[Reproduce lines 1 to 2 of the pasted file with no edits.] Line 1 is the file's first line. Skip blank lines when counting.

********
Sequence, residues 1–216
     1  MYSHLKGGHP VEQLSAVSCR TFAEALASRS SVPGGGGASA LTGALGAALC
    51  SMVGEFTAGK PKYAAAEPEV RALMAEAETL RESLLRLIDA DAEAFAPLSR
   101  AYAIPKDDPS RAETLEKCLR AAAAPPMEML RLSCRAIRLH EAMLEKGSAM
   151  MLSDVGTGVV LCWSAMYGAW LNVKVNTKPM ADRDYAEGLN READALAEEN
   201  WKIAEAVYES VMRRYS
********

Sequence, residues 1–216
     1  MYSHLKGGHP VEQLSAVSCR TFAEALASRS SVPGGGGASA LTGALGAALC